It’s National Non-Fiction November and a great time to share the amazing non-fiction books that bring the world we live in to life! Perfect for readers young and old to share, learn about all manner of brilliant subjects and just enjoy fantastic books.
The National Trust Children’s Almanac 2019 by Anna Wilson illustrated by Elly Jahnz is a beautifully written and illustrated month-by-month journey through the seasons. Featuring everything from animal behaviour guides to seasonal recipes to activity ideas, this is a really delightful book to inspire even the most reluctant of young explorers to step outside. The author has taken great trouble to bring lots of interesting information together and show ways of being creative. Accompanied by bright and colourful artwork, this is also a wonderful debut book for illustrator Elly Jahnz.
I absolutely loved the activities, helpful top tips and that readers can make notes if they want to at the end of the book. Each month includes special days to note at the start and highlights anniversaries of historical events such as the first moon landing or the Great Fire of London. The Children’s Alamanac would make a perfect gift and wonderful book to share, encouraging family outings and ways to discover new things about the world around us. Published as part of Nosy Crow’s ongoing partnership with The National Trust, this is definitely one to add to the Christmas list!
Sleep by Kate Prendergast, published by Old Barn Books, is a beautiful picture book looking at the sleeping habits of animals through stunning illustrations and simple facts. I can’t imagine anyone seeing the book’s front cover and not wanting to pick it up! With a gentle narrative, each page describes how the animals sleep, some with extra footnotes to add different facts. The illustrations are quite amazing bringing to life the sleeping inhabitants of the book and showing their various habitats.
Young readers will love identifying the different animals and habitats. The last spread introduces the idea of dreaming and in the final pages there are additional fascinating facts with web links to connect to online information should you wish to find out more.
This is a really lovely book to introduce the animal kingdom to young readers and perhaps great to read at bedtime, encouraging even the most restless of little ones that everyone goes to sleep!
Find out more at www.kateprendergast.co.uk
Secret Science The Amazing World Beyond Your Eyes by Dara O’Briain illustrated by Dan Bramall explores the incredible science behind everyday life with Dara O’Briain’s trademark humour, bringing to life even the most complicated scientific facts from molecules to neurotransmitters.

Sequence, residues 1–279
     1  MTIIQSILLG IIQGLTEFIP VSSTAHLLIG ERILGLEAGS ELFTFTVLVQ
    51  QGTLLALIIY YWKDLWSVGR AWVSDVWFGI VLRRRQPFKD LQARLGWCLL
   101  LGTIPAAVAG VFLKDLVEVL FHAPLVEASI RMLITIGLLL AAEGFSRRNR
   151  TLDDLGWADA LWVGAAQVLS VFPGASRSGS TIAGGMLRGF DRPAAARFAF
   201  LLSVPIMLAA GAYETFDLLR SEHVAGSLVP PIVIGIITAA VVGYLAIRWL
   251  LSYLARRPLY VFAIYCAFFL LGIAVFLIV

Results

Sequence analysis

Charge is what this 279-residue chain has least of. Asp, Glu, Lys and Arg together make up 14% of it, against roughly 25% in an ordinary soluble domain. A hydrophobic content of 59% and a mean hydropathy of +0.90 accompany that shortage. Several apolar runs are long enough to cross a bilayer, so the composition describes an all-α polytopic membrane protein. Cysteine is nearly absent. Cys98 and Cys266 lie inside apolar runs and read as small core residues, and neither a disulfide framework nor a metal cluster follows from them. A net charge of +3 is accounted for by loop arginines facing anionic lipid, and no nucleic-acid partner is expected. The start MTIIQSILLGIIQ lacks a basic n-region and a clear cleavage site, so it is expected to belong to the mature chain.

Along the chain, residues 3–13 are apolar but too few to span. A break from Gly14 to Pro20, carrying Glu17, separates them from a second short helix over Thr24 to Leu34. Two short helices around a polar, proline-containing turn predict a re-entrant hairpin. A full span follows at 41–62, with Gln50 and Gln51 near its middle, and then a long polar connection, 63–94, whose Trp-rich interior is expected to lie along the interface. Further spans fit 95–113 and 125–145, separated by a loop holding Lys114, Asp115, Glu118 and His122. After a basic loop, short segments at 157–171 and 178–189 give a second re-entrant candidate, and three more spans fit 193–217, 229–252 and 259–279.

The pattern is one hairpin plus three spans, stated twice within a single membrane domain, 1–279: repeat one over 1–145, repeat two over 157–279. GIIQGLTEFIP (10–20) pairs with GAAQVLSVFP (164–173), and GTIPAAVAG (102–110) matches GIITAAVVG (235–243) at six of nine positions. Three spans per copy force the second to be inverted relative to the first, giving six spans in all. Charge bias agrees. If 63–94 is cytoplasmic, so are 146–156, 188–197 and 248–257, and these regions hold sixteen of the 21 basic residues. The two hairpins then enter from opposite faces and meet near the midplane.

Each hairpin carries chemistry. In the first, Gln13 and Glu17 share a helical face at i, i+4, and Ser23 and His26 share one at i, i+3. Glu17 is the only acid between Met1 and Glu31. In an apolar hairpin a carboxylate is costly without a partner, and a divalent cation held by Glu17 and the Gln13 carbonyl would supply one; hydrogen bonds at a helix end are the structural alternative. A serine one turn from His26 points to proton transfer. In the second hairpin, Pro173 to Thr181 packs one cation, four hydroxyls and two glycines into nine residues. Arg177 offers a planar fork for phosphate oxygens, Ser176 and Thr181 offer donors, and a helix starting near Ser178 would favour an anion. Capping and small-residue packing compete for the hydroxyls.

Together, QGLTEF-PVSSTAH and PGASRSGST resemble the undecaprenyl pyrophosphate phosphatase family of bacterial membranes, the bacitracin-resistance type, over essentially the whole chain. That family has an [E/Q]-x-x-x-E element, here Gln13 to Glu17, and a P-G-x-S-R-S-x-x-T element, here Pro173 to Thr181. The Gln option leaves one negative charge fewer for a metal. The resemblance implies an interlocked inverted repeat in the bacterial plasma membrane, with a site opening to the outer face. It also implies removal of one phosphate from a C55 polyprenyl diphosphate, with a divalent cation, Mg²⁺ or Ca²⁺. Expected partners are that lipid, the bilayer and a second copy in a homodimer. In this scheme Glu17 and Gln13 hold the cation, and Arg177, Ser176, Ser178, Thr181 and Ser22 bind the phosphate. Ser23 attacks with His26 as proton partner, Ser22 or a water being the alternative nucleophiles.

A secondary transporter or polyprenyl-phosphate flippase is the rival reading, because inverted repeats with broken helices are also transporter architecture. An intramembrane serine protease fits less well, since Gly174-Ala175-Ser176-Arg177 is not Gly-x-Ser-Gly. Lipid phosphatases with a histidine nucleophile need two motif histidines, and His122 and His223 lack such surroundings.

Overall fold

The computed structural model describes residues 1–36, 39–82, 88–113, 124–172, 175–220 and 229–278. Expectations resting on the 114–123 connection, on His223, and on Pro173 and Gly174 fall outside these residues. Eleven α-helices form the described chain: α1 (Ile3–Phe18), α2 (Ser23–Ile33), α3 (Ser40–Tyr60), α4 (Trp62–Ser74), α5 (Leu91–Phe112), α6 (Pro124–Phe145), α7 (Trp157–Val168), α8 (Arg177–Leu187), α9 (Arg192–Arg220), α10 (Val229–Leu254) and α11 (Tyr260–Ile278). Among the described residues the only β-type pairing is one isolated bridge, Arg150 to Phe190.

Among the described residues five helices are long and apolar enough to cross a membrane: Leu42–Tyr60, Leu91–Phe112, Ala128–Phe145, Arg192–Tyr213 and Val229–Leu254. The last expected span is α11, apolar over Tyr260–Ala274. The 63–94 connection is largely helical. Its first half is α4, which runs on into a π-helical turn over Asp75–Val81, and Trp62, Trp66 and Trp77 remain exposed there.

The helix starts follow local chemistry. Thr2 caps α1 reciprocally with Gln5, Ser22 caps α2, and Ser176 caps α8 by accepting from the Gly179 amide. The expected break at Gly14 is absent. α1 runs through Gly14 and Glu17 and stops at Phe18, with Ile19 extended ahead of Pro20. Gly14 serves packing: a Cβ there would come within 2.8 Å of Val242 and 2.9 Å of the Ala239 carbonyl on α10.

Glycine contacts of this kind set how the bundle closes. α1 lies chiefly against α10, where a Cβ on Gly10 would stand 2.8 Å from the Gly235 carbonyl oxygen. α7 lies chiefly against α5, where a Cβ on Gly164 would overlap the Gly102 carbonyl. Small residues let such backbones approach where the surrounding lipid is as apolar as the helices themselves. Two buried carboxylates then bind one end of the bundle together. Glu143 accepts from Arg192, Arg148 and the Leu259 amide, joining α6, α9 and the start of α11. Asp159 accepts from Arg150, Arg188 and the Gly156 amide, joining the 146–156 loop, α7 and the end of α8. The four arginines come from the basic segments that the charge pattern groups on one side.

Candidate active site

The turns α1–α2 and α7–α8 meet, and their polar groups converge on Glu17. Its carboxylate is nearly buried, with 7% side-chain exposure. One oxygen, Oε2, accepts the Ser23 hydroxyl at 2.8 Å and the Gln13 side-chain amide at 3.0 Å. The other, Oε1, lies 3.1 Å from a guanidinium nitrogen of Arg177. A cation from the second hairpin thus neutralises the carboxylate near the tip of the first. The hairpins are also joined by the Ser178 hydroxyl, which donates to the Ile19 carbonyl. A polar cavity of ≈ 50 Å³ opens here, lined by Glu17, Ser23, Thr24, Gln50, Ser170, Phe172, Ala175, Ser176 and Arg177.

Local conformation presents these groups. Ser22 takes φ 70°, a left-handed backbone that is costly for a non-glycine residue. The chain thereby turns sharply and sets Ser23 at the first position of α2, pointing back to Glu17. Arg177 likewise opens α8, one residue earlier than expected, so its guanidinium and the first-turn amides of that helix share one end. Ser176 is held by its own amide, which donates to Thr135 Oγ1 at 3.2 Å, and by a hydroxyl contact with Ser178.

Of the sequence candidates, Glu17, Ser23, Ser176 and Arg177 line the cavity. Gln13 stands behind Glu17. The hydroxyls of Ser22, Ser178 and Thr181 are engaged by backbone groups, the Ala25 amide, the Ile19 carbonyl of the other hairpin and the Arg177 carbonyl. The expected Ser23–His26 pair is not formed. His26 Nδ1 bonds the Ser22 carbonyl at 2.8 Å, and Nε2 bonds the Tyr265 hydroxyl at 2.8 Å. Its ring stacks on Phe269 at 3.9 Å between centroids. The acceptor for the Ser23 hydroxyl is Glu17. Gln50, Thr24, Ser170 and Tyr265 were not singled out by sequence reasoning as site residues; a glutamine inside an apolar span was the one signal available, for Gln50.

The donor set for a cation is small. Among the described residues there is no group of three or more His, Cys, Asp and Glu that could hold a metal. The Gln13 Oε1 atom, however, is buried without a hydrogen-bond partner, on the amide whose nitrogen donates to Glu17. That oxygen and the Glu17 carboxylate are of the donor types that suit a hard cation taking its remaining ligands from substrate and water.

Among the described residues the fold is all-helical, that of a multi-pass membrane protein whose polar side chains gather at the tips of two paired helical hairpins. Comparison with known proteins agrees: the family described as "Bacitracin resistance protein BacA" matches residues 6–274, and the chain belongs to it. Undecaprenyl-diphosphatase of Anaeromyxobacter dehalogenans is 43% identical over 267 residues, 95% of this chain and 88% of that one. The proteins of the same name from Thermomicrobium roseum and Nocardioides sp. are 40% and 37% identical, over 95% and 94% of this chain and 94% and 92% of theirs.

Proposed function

If you’ve ever enjoyed Dara O’Briain’s stand up shows, then you’ll know the hilarious observations he makes and his brilliant use of emphasis. This translates brilliantly for kids into a very funny and totally inspired book. Secret Science will have you laughing out loud as you discover all manner of weird and wonderful facts about things such as KILLER RAYS FROM SPACE (the Sun) to the ‘sphenopalatine ganglioneuralgia’ (BRAIN FREEZE).
Lively illustrations and larger than life graphics capture both the science and the humour perfectly showing us that it really is everywhere and ensuring readers will be utterly fascinated – as well as hugely entertained. Published by Scholastic, Secret Science is great for all the family and a wonderful initiation in all things science!
Find out more at www.scholastic.co.uk
Absolutely Everything A History of East, Dinosaurs, Rulers, Robots and things too numerous to mention by Christopher Lloyd is a beautifully presented book taking readers aged 9 and up on a journey through everything from the beginning of time to the present day. Each chapter covers a specific time period but connects the various eras within that time frame rather than separating them. I enjoyed the inviting narrative style which enables you to see how history, science and nature connect. This is definitely a book for confident readers but one that could be shared and enjoyed by the whole family. It has an index and a glossary so you can navigate more easily. Colourful and bold illustrations, alongside images of historical artefacts and locations bring many of the fascinating facts to life. It is a really informative book, that will challenge young historians to think differently.
The publication of Absolutely Everything is part of a wider campaign to connect knowledge and raise awareness of the value of a more cross-curricular approach to teaching and learning. Having invited Christopher Lloyd to perform his What on Earth workshops in schools I have worked in, his passion for this is evident and I loved how he brought history, science, technology, literature and sport to life in just one hour! As did the children! Christopher’s belief is that “only by connecting knowledge back together again can children learn to think out of the box, develop critical thinking skills and become their own self-learning systems.”
Find out more at www.whatonearthbooks.com
With thanks to Old Barn Books, Nosy Crow, Scholastic and What on Earth Books for sending me this titles to review!